Thursday, 15 January 2015

New Year 2015 - Pigs, Pups & Zucchinis

Happy New Year 2015
An update on the pigs. They're now four months old and are large enough to go onto the trailer without squeezing through the gaps.
When we raised our first two pigs way back when (I think six years ago from memory) we had so much to learn. I borrowed lots of books from the library and researched a lot of very useful information on the internet. There was lots of data on feed rations, grain mixes and commercial foods but I wanted to raise pigs the way our forbears did it; on excess milk, kitchen scraps, windfall fruit from the orchard, garden waste and whatever food we could scrounge.
Our first two pigs did so well on this and they grew...... and grew...... and grew. I knew nothing about fat ratios and to my untrained eye they just looked big and meaty. Neither did I know of the procedure for booking them in for butchering so, by the time we waited for a month in the queue they had grown even more!
The day of reckoning arrived. All we had to do was get the two huge pigs onto the trailer.
Ha! The best laid plans......
Brian put together a sturdy looking runway from galvanized iron to move them along to the trailer ramp. He had a large piece of board to push them along and in theory they should have walked nicely onto the trailer.
The pigs behave nothing like sheep. They had other ideas and weighed more than 120kgs each.
With super human strength, lots of sweat and very nearly with broken arms and legs (we humans that is, not the pigs) the pigs ended up on the trailer.
We learned a lot from that first effort and have improved our methods to produce quality pork with better safety and ease of handling.
Before we purchased our next batch of pigs the following year Brian built a strong ramp attached to the pig yard with a gate. This is closed until the pigs are large enough to be trained to walk onto the trailer that we keep in position permanently.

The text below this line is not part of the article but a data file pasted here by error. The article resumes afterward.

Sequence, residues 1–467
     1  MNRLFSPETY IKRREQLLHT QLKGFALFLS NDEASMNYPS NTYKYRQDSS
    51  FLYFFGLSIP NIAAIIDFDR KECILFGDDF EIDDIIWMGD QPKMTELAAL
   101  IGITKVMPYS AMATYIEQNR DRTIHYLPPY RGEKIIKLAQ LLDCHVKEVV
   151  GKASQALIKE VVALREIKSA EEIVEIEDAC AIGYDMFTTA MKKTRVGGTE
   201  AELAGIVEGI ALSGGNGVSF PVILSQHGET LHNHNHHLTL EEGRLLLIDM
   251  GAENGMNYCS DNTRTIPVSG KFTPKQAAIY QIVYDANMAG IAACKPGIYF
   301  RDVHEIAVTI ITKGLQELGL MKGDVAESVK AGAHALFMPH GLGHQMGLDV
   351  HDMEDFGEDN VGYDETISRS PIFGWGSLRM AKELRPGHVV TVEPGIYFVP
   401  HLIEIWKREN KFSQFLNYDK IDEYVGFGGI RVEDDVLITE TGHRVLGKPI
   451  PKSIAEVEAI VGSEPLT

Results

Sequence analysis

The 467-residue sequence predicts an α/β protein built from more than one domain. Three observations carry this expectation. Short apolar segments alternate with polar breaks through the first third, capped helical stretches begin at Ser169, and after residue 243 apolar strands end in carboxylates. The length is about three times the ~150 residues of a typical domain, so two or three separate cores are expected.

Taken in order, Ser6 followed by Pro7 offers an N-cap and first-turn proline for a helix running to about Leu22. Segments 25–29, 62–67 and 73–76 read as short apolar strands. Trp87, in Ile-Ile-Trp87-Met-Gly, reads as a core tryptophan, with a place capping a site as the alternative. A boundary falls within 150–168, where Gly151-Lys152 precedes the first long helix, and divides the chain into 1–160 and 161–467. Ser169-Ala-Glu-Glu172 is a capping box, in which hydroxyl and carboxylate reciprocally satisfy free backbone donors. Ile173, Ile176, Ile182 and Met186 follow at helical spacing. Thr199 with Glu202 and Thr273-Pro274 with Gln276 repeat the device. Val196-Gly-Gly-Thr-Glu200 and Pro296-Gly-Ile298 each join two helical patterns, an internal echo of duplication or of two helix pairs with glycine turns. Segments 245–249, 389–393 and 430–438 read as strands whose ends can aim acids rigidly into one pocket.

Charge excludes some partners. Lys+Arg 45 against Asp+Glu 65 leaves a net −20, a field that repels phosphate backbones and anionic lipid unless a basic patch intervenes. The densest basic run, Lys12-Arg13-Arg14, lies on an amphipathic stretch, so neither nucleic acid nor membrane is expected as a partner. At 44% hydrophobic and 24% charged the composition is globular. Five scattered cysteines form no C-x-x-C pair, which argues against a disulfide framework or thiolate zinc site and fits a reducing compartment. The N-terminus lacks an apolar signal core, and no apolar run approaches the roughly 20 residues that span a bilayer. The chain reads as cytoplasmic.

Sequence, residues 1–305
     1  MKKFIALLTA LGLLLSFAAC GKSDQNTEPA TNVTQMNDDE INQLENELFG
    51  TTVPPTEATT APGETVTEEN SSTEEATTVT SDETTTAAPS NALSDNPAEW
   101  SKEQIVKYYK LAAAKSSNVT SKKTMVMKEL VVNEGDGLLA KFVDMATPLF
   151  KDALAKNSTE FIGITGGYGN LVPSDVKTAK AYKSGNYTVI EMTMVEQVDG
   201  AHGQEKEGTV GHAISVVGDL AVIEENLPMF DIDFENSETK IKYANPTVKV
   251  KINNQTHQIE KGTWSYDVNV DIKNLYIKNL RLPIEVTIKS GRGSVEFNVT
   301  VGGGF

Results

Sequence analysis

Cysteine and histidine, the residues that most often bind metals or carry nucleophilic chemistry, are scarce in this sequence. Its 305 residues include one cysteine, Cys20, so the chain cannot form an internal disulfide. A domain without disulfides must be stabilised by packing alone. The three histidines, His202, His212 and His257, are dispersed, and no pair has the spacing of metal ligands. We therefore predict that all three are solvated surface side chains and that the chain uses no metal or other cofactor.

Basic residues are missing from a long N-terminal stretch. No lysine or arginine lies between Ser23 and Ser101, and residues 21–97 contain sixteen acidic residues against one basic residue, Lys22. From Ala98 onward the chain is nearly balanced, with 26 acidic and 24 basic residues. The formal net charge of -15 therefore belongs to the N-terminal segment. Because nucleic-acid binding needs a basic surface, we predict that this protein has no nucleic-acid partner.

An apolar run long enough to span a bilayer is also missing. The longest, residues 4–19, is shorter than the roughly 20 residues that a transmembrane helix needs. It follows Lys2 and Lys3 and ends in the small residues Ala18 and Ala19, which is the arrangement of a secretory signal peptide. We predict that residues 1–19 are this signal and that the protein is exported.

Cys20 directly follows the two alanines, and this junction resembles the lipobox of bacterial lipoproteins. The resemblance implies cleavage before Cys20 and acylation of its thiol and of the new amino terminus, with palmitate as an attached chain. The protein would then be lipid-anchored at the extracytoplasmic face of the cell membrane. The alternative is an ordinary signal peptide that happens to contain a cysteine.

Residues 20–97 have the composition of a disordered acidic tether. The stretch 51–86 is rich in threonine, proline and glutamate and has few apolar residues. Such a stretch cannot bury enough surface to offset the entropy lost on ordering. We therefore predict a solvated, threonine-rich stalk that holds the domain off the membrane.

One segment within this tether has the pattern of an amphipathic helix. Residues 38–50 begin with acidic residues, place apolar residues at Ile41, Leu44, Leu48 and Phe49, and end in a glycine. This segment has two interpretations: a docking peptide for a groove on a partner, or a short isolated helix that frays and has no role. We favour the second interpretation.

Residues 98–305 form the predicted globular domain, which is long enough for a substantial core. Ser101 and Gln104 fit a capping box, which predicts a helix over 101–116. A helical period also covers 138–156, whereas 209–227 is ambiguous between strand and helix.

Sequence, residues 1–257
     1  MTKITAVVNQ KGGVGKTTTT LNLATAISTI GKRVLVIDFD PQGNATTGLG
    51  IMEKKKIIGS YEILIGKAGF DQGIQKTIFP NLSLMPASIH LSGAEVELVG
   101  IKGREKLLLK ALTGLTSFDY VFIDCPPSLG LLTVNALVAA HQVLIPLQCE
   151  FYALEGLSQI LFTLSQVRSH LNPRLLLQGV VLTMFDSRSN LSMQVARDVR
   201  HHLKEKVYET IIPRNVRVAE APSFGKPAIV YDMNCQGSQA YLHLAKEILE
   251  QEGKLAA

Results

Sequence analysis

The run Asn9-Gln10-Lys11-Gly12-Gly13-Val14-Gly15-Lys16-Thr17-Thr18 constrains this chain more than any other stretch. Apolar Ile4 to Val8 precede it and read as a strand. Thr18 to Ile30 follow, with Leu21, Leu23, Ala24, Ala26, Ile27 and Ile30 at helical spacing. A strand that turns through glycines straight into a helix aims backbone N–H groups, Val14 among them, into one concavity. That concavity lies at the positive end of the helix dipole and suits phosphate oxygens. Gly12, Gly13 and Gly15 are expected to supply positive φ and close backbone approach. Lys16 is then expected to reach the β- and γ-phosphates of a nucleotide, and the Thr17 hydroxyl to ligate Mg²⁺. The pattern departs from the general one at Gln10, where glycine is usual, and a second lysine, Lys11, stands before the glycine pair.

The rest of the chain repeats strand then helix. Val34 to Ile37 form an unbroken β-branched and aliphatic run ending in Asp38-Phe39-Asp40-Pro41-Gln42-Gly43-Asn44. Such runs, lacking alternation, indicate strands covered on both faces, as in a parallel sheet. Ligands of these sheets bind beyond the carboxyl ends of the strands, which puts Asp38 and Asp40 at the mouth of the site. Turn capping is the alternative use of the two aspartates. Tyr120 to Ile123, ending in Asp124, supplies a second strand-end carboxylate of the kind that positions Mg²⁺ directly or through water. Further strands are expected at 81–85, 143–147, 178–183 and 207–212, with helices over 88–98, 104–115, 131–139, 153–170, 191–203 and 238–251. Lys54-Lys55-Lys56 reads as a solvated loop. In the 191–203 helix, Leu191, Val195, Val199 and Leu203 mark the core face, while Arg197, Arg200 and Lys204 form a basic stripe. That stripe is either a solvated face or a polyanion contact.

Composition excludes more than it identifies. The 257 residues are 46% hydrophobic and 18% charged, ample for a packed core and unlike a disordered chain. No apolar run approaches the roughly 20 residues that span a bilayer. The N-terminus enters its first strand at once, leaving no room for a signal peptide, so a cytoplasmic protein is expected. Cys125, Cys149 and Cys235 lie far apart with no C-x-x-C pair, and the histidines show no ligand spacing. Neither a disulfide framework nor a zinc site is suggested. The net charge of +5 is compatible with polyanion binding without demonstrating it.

For  a few days we put their food trough onto the trailer so they have to walk on to get their food.   I scatter  a few slices of bread along the ramp until eventually (usually half a day)  hunger wins out and they find themselves on the trailer.
This method has a few benefits; obviously the main one being the stress free loading of the pigs on butchering day.
Raising the pigs is my domain here on our farm so I need to be mindful of these three large animals that love to play and nip at each other while I'm negotiating my way around their yard to feed them, clean the water containers and clean the yard. They enjoy including me in their play and whilst they don't appear to harm each other with their nips and bites I'd rather not be on the end of one of those playful bites!
At feeding time they run onto the trailer and I quickly slide the trailer gate shut, confining them while I do all of the feeding and whatever else needs doing in the pig yard.
I also discovered after a couple of years of pig raising that three pigs are just as easy to raise as two pigs. More pork for our own freezer and more pork to trade with friends.
We purchase the piglets at six weeks old in October each year and usually have them into the freezer in early April.

Early tomatoes in the glass house.

The kitchen garden where lawn used to grow. "Grow food not lawn".

In my quest to outwit the earwigs I held off planting until late October, instead of September, and sowed thickly with lots of different varieties of vegetables. The plan is to give them, the earwigs, so much choice of things to eat they will hopefully leave my cucumber and bean plants to grow.
 On one side of the trellis are thick plantings of climbing beans at one end and cucumbers at the other end. On the other side I scattered seeds of kale, chilli, rocket, silver beet, zucchini, lettuce and any seeds I had left over. As they are all planted closely the watering is concentrated in the one area. It seems to be working well, the beans have made it all the way to the top of the trellis and we will soon be picking lots of lovely greens that are growing like weeds.
Harvest time is upon us and almost daily another batch of jam, chutney or sauce is bubbling on the stove, recipes are being swapped and zucchinis are finding their way into everything.  Beware the zucchini. It's the only time of year we need to lock our car doors when in town to collect the mail. Someone is likely to leave a heap of zucchinis on the seat.

Eight week old Kelpie, Meg joined us in December and was soon best buddies with grumpy old Max. The joys of having a puppy are so many. Yes, she digs holes, runs away with our shoes, and has energy to burn, but it was instant love that will continue to grow and endure throughout our long life together.
Her training is coming along well, such a clever little girl she is, but I could be just a bit biased.
Cheers and thanks for dropping by to the blog.

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